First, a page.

Late in the Day

This fine first collection of poems from William Bedford Clark, the renowned Robert Penn Warren scholar who, as the back cover announces, “abandoned poetry as an undergraduate” and returned to it “in late middle age,” is a triumph of elegant formalism.  This volume—which ranges widely in form and motif, from the sacred to the profane, from the personal past to the larger cultural and historical past, from a 1680 massacre of Franciscan martyrs to the cultural chaos of the 1960’s—provides ample reason both to mourn Clark’s long hiatus from writing poetry and to celebrate his return.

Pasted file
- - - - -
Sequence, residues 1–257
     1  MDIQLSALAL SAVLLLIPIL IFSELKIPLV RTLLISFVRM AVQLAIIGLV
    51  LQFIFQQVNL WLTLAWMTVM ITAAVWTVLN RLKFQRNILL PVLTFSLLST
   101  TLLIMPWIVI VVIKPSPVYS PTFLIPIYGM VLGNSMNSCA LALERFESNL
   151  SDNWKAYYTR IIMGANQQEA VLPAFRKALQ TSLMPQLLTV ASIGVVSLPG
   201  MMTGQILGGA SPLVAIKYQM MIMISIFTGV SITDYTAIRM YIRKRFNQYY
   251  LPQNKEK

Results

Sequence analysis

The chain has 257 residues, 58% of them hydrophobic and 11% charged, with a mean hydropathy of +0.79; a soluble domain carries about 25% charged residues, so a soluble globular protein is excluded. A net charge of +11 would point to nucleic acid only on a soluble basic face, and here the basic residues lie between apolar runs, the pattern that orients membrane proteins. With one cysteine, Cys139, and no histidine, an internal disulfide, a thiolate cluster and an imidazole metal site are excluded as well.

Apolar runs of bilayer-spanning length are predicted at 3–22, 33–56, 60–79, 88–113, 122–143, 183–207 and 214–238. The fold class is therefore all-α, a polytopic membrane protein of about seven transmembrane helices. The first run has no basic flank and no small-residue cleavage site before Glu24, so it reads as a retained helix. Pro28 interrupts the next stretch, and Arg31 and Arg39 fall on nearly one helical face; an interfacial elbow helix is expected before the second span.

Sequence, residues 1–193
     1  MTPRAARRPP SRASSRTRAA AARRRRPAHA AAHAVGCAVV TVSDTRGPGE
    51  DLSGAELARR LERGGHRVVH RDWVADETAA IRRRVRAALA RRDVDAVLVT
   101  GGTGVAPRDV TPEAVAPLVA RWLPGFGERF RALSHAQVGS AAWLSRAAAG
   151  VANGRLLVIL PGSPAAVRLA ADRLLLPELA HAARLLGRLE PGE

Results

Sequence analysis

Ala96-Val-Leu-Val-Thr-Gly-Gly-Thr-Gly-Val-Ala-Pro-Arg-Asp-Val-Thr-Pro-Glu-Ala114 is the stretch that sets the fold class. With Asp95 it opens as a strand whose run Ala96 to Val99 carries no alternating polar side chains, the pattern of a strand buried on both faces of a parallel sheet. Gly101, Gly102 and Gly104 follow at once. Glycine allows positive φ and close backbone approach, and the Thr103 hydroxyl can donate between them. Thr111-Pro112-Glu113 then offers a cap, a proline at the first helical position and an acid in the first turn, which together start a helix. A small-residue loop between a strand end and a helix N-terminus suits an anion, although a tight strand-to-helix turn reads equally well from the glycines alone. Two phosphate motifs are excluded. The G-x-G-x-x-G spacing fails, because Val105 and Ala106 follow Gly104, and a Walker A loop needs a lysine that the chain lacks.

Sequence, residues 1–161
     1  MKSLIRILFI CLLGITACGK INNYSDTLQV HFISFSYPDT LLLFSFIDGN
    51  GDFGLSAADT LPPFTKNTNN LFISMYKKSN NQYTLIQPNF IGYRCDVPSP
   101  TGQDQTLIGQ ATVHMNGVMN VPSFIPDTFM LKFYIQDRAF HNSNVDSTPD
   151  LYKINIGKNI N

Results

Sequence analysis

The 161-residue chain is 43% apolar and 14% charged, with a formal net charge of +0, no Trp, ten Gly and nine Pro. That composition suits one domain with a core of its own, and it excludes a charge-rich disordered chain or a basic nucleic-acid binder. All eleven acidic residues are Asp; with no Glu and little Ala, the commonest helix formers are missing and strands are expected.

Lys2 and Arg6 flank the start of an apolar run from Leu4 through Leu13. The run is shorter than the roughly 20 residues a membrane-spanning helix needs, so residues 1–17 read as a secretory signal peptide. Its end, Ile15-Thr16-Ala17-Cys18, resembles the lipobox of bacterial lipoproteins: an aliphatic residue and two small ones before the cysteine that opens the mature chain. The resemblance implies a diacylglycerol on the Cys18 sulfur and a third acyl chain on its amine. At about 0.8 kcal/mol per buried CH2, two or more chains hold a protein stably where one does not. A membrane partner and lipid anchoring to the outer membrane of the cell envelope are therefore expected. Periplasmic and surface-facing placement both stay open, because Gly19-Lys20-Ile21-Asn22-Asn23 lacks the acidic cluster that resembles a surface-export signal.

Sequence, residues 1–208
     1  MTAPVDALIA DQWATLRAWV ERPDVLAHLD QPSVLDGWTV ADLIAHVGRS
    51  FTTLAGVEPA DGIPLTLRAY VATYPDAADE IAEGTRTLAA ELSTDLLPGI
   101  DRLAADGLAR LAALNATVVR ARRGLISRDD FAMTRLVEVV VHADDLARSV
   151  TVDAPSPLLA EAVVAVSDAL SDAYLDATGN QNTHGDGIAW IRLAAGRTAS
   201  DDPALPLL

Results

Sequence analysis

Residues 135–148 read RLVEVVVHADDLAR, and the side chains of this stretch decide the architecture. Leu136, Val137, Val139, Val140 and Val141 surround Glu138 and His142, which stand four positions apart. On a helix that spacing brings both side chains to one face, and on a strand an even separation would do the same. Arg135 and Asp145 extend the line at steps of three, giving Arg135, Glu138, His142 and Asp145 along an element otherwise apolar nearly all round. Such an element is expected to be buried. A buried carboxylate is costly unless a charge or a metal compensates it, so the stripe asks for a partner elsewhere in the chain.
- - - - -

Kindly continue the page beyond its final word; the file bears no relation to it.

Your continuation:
I am firm in my somewhat contrarian belief that book reviews, especially brief reviews of poetry volumes, must avoid raising questions that have outlived their uselessness, or posing problems—somehow rooted in the reviewer’s tendentious preoccupation with his own craft as poet—that condemn any possible answer to insignificance.  Tell the reader what’s in the book.  And something about what’s not in the book.  You won’t find here the all too familiar skinny pseudo-imagism stranded at the crossroads of the pictorialist impasse and confused notions of free verse, so characteristic of contemporary poetry.  These poems have no right-side-of-the-page phobia, no words drifting formlessly down the far left side of the page, no disordered typographical romancing of blank space. ...

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